A startup called T2 Biosystems is developing a test that uses magnetic nanoparticles to detect blood-borne infections in hours—compared to the days it now takes using conventional lab methods. The company’s first device—about the size of a printer—will target Candida, a fungus that is the third-most-common cause of hospital-acquired infections. The detection system can identify Candida in human blood samples in about two hours. Clinical trials involving samples from actual patients are in the works.
The sooner a hospital lab can identify the cause of a patient’s infection, the faster that patient can be put on the right antibiotics. Today, microbiologists often try to grow the infectious agent in the lab and run various tests to identify it. This can take a few days, and some organisms, including Candida, grow more slowly than others. Tests based on amplifying genetic material are considerably faster, but require complicated processing equipment. Tests that use fluorescent labels to light up a target are also faster, but samples like blood are too cloudy for the light to pass through.
T2 Biosystems’s technology is based on work carried out by researchers at MIT, Harvard, and Massachusetts General Hospital on tailoring iron-oxide nanoparticles to bind to specific biomarkers, and then using a miniature magnetic system to detect the binding. The detector is essentially a tiny, simplified version of a nuclear magnetic resonance imaging system. Such systems usually require very large, expensive magnets, whereas T2 Biosystems’s device uses a magnetic detector about the size of a penny.
Company founder and MIT materials science professor Michael Cima says there are two main advantages to the magnetic particle approach: magnetic fields can travel through blood and other media that light can’t penetrate, and the magnetic detection system is very sensitive—so it can tell clinicians precisely how much of a particular pathogen is present.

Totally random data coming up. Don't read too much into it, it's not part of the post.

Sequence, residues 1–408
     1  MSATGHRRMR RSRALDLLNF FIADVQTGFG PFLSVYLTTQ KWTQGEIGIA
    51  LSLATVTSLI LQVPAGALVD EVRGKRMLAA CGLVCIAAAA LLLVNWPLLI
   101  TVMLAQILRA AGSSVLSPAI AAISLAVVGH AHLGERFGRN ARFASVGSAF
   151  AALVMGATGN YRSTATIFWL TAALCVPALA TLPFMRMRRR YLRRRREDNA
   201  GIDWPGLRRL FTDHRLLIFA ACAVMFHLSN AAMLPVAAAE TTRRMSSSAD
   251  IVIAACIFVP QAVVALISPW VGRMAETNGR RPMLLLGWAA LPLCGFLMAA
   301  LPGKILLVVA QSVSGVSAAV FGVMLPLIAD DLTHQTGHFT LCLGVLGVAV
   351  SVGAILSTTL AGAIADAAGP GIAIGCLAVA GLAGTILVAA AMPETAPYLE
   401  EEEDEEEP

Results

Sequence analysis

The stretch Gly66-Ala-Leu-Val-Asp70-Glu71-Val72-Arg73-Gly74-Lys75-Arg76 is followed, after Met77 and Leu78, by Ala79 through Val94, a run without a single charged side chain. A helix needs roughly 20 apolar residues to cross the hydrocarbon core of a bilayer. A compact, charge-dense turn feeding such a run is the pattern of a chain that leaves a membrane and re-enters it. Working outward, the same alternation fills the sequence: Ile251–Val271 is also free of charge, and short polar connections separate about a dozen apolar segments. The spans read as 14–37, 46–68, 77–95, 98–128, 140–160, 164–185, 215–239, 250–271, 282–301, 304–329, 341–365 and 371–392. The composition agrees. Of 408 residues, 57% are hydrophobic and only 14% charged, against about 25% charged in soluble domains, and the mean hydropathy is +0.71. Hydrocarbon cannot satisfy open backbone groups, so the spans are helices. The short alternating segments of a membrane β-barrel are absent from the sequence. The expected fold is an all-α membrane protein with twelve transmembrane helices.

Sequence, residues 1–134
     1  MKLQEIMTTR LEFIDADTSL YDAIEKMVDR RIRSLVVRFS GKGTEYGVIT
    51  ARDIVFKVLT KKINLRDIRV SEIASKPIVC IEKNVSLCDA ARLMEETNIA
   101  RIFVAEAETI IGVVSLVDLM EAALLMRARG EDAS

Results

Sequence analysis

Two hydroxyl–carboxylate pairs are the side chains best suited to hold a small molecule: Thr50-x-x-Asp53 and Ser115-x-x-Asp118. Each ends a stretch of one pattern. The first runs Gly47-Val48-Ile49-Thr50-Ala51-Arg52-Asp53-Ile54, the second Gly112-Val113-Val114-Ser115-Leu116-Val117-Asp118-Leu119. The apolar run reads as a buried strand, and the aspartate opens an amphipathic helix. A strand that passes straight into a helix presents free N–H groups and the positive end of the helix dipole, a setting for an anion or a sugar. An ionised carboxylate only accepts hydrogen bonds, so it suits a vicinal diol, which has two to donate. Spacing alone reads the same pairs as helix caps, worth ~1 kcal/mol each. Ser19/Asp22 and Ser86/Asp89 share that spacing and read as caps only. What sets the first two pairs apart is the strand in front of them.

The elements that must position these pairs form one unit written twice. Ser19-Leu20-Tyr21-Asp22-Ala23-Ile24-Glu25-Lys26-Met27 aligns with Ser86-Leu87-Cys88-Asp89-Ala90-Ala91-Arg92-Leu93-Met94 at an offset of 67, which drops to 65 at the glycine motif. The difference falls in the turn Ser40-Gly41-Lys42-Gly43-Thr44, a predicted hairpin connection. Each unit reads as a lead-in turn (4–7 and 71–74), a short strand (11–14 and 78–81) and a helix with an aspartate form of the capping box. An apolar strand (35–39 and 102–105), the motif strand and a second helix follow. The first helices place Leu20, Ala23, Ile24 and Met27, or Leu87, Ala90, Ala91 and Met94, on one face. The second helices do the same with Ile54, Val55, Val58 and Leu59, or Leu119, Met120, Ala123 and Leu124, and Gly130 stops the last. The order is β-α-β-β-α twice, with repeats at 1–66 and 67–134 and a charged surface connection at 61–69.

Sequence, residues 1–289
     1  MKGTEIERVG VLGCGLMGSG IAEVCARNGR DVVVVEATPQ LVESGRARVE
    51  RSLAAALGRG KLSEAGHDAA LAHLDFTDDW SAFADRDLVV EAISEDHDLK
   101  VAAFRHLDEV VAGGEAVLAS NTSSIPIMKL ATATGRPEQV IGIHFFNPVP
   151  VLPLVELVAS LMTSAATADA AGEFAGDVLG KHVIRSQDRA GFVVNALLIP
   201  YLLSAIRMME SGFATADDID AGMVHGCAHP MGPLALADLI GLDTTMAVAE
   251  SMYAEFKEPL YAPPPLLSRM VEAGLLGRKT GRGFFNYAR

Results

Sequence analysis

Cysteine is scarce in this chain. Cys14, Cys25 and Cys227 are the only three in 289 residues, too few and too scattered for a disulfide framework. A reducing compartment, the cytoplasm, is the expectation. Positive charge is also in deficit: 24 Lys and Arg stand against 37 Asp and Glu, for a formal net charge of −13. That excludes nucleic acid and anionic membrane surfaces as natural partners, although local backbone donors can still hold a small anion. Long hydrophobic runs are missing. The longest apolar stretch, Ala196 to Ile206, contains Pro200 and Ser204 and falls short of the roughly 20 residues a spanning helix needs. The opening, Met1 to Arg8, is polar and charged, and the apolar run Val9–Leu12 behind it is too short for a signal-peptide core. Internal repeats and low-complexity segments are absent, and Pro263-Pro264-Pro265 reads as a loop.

T2 Biosystems’s nanoparticle labels can also be tailored to detect a wide variety of pathogens, as well as cancer cells and other biomarkers, including hormones. The company chose to target the infectious fungus Candida for its first product because it sees rapid detection as an unmet need that could motivate hospitals to invest in the instrument. The company has not yet disclosed the price of the device, which it plans to launch in 2012.
In the United States, about 60,000 patients a year contract candidemia—meaning Candida is present in the blood—and about 40 percent of these patients die from it. Studies have shown that intervening in 12 hours instead of a few days reduces candidemia mortality rates to 11 percent, says T2 Biosystems CEO John McDonough. He hopes that intervening in the two hours it takes to perform a test with his company’s device might have an even greater benefit. In tests on blood spiked with Candida, the T2 detection system detected the fungus 95 percent of the time and with a 98 percent specificity.
“Candida is a bad player if you have it in your blood,” says Philip Norris, associate director of the Blood Systems Research Institute at the University of California, San Francisco Medical Center. Infections tend to happen in patients who are already very sick, including those with compromised immune systems and people undergoing chemotherapy. While Norris says it will be necessary to wait for the results of the clinical trial, large hospitals are likely to invest in the instrument “if it speeds up the diagnosis of really bad diseases like candidemia.”
T2 Biosystems has raised $30 million in venture funding so far, and is partnering with other companies working on biomarker tests that could be adapted for the magnetic-detection platform. The company will finalize the detection system this summer and will seek approval for the machinery and the Candida test from the U.S. Food and Drug Administration next year.
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